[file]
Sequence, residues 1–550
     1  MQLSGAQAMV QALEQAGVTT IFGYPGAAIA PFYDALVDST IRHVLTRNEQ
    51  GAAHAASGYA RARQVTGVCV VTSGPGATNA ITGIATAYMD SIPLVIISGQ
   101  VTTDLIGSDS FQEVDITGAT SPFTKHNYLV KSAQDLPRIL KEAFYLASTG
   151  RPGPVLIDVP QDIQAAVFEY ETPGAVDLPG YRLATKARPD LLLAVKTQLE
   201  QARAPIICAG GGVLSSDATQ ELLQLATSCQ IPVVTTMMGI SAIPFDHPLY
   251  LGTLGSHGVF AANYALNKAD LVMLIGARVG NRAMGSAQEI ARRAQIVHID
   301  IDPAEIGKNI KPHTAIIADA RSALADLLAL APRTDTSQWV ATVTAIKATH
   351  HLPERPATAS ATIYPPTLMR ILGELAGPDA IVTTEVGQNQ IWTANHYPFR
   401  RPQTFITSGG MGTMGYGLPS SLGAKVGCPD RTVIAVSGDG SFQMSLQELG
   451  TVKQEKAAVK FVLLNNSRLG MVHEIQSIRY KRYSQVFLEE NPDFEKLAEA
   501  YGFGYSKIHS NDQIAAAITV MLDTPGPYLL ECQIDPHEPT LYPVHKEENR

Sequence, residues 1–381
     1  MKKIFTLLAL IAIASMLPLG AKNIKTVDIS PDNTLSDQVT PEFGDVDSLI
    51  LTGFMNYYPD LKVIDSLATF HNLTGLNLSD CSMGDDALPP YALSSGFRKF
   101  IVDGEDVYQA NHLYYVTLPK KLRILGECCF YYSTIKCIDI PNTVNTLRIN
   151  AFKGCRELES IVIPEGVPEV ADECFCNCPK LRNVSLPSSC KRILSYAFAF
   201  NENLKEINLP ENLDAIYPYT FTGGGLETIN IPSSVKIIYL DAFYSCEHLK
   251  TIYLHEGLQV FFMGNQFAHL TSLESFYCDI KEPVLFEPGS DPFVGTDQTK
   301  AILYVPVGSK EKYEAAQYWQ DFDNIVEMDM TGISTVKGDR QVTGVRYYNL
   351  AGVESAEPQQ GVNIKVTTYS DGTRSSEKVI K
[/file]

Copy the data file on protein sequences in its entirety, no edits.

Sequence, residues 1–550
     1  MQLSGAQAMV QALEQAGVTT IFGYPGAAIA PFYDALVDST IRHVLTRNEQ
    51  GAAHAASGYA RARQVTGVCV VTSGPGATNA ITGIATAYMD SIPLVIISGQ
   101  VTTDLIGSDS FQEVDITGAT SPFTKHNYLV KSAQDLPRIL KEAFYLASTG
   151  RPGPVLIDVP QDIQAAVFEY ETPGAVDLPG YRLATKARPD LLLAVKTQLE
   201  QARAPIICAG GGVLSSDATQ ELLQLATSCQ IPVVTTMMGI SAIPFDHPLY
   251  LGTLGSHGVF AANYALNKAD LVMLIGARVG NRAMGSAQEI ARRAQIVHID
   301  IDPAEIGKNI KPHTAIIADA RSALADLLAL APRTDTSQWV ATVTAIKATH
   351  HLPERPATAS ATIYPPTLMR ILGELAGPDA IVTTEVGQNQ IWTANHYPFR
   401  RPQTFITSGG MGTMGYGLPS SLGAKVGCPD RTVIAVSGDG SFQMSLQELG
   451  TVKQEKAAVK FVLLNNSRLG MVHEIQSIRY KRYSQVFLEE NPDFEKLAEA
   501  YGFGYSKIHS NDQIAAAITV MLDTPGPYLL ECQIDPHEPT LYPVHKEENR

Sequence, residues 1–381
     1  MKKIFTLLAL IAIASMLPLG AKNIKTVDIS PDNTLSDQVT PEFGDVDSLI
    51  LTGFMNYYPD LKVIDSLATF HNLTGLNLSD CSMGDDALPP YALSSGFRKF
   101  IVDGEDVYQA NHLYYVTLPK KLRILGECCF YYSTIKCIDI PNTVNTLRIN
   151  AFKGCRELES IVIPEGVPEV ADECFCNCPK LRNVSLPSSC KRILSYAFAF
   201  NENLKEINLP ENLDAIYPYT FTGGGLETIN IPSSVKIIYL DAFYSCEHLK
   251  TIYLHEGLQV FFMGNQFAHL TSLESFYCDI KEPVLFEPGS DPFVGTDQTK
   301  AILYVPVGSK EKYEAAQYWQ DFDNIVEMDM TGISTVKGDR QVTGVRYYNL
   351  AGVESAEPQQ GVNIKVTTYS DGTRSSEKVI K